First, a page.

Since the outbreak of the Covid-19 pandemic, digital services have been providing solutions to prevent a breakdown in personal, economic and social ties. Aware of the importance of digital technologies in tackling crises, the Organization of African, Caribbean and Pacific States (OACPS) and European Union (EU) have developed the Digital Response Connecting Citizens (DIRECCT) program.
Launched in Senegal’s capital on 16 November, it concerns over 55 countries in the ACP region. “In recent years, access to digital networks and tools has grown by leaps and bounds in most African, Caribbean and Pacific countries. However, we still have some distance to go to ensure that digital tools are accessible to all and help people cope with crises,” says Gwenael Prié, the program manager for AFD, which is implementing this program with the Belgian development agency (ENABEL).
DIRECCT is contributing to this effort by developing about a dozen projects in sectors that have been hard hit, more specifically the health, education and economic sectors. The crisis will have a lasting impact on these three sectors which are pillars of development and the well-being of people.
Digital services to support health
In the health sector, DIRECCT is supporting the regional epidemiological institutions of the Caribbean Community (CARPHA) and Pacific Community (ROSSP). For these two organizations, which both operate in over 20 countries, DIRECCT is helping set up digital health data collection systems, which allow for the centralizing and analysis of data provided by the members.
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In Senegal, ENABEL and the NGO Oxfam are working on the digitization of health centers. One of the projects involves increasing access to networks, training staff and deploying digital solutions such as the “patient record”.
The program is also supporting West African FabLabs. During the crisis, young Africans are working in these digital manufacturing workshops to produce visors and handwashing facilities. With DIRECCT, they will continue to offer their innovations to health operators in their country.
Developing distance higher education
The Covid-19 crisis has in many places forced the closure of schools, causing students to miss months of lessons. Digital services allow students to maintain links to their schooling, even when it’s no longer to attend in person. Such services are increasingly available in West Africa, where connectivity work is being carried out by the French National Research Institute for Sustainable Development (IRD) and WACREN network. Two universities, in Benin and Burkina Faso, will be supported in improving the Internet connections of their campuses and developing online education courses.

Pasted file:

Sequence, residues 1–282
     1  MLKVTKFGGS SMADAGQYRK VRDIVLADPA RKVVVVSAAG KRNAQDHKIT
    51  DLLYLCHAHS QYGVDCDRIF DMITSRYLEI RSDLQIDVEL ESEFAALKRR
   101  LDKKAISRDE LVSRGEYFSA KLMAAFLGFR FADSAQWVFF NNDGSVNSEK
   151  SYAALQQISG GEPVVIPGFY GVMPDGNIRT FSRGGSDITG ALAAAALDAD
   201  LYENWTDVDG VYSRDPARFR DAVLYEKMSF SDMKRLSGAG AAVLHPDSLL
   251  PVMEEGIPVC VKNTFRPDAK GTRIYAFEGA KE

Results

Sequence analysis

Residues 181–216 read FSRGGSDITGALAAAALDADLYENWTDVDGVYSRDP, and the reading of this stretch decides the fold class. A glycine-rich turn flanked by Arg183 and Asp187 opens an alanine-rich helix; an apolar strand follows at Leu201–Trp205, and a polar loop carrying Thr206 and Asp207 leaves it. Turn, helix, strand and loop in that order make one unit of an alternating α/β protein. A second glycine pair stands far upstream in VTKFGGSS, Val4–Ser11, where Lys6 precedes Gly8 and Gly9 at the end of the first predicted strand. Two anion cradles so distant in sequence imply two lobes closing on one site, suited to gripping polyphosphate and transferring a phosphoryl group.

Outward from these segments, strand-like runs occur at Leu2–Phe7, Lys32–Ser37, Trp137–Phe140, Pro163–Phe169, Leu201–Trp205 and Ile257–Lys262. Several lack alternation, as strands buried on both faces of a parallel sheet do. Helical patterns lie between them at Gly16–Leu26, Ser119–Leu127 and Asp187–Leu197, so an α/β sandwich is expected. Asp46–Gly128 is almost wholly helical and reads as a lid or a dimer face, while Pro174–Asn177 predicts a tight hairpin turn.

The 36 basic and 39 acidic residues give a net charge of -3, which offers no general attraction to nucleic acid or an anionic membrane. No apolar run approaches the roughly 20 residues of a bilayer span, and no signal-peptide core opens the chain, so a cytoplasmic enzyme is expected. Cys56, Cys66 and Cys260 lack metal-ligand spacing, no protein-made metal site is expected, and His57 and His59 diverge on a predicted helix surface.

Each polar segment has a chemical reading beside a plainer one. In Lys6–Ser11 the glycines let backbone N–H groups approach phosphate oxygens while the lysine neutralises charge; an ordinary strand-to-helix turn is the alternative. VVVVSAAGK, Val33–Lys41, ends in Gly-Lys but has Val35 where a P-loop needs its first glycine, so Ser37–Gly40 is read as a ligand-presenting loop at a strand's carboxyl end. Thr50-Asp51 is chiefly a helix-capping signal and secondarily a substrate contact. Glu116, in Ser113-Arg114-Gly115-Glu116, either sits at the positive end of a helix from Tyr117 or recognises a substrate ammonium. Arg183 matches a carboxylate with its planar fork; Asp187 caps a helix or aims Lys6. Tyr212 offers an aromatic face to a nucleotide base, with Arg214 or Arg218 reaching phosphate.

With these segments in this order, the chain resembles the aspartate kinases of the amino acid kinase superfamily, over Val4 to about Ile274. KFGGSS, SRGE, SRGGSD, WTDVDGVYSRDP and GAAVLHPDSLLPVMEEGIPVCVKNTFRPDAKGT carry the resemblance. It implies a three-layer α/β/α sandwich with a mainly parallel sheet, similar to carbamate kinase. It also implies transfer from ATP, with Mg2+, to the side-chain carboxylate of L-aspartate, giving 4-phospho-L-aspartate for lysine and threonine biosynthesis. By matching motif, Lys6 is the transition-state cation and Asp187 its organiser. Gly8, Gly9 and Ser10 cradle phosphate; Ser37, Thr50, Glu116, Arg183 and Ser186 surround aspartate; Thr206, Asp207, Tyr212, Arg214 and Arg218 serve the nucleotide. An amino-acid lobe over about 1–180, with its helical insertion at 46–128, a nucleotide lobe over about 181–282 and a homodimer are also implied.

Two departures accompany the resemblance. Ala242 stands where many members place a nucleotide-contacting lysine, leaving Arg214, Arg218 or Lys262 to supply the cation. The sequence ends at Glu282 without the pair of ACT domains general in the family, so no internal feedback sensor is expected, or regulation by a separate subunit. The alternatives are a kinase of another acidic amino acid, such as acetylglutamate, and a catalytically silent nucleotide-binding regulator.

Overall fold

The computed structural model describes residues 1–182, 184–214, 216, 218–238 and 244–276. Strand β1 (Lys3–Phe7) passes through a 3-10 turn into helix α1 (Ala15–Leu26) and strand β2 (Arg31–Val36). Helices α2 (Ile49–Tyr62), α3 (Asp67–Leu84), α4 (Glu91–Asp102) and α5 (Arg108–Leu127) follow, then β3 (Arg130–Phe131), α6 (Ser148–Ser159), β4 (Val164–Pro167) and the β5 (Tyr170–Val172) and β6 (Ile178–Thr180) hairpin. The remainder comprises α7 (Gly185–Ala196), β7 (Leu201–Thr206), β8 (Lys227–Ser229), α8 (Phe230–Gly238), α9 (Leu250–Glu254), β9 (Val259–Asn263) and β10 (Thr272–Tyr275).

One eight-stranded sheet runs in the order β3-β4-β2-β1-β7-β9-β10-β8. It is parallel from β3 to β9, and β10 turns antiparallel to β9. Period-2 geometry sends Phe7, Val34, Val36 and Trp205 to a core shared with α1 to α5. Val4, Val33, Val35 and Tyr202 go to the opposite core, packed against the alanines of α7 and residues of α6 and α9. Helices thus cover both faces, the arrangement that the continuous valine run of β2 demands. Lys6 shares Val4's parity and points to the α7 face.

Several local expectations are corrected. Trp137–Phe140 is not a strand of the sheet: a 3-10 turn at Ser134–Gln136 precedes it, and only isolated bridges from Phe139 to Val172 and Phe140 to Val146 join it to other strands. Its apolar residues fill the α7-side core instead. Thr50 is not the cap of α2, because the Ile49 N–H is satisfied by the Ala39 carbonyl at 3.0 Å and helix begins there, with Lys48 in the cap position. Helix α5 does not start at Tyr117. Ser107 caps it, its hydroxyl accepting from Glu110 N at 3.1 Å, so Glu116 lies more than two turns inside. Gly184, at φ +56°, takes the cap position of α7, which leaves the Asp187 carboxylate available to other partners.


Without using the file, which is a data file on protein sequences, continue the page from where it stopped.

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The objective is to share lessons learned from these pilot projects with the academic community and West African authorities. At the same time, ENABEL is mobilizing its WeHubit innovation program to support EdTech solutions: the winners of this call for projects will be announced in a few weeks’ time.
Giving small businesses the means to work online
The health crisis has also caused an economic crisis. In this sector, DIRECCT mainly focuses on microenterprises and small and medium-sized enterprises (MSMEs). They are a key driver for the economies of many countries in the ACP region and have been weakened by the restriction on the movement of goods and products.
“In partnership with the West African Chambers of Commerce and Carib Export agency, we’re helping MSME managers get training in digital tools, which will improve the way they work and trade on line,” says Séliatou Kayode-Anglade, project manager at Expertise France. “Offline companies and the informal sector are the most affected by the difficulties caused by the pandemic: they will be our priority targets.”
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In Senegal, ENABEL is focusing on the digital transition of hundreds of SMEs in the agriculture sector and, more generally, the green economy. Another initiative of the NGO Oxfam is helping women entrepreneurs in the most remote rural areas use their phones to save and continue their activities.
European digital ambition
With €15.4 million of financing from the EU, the DIRECCT program is fully in line with the European Union’s ambition for cooperation: “It aims to accelerate digital development for inclusive growth, job creation and the fight against inequality,” says Dorota Panczyk, ENABEL’s representative in Senegal.
The activities of the DIRECCT program are based on the European, values for inclusive digital development, with two additional objectives: first, to place the user the center of the approach to ensure solutions are relevant. Second, they tackle gender inequality in access to digital opportunities. These are values shared by ENABEL and AFD, as part of their approaches to digital services and sustainable development in general.
The content of this publication is the sole responsibility of AFD and does not necessarily reflect the opinions of the European Union.
This project is carried out with the support of the European Union.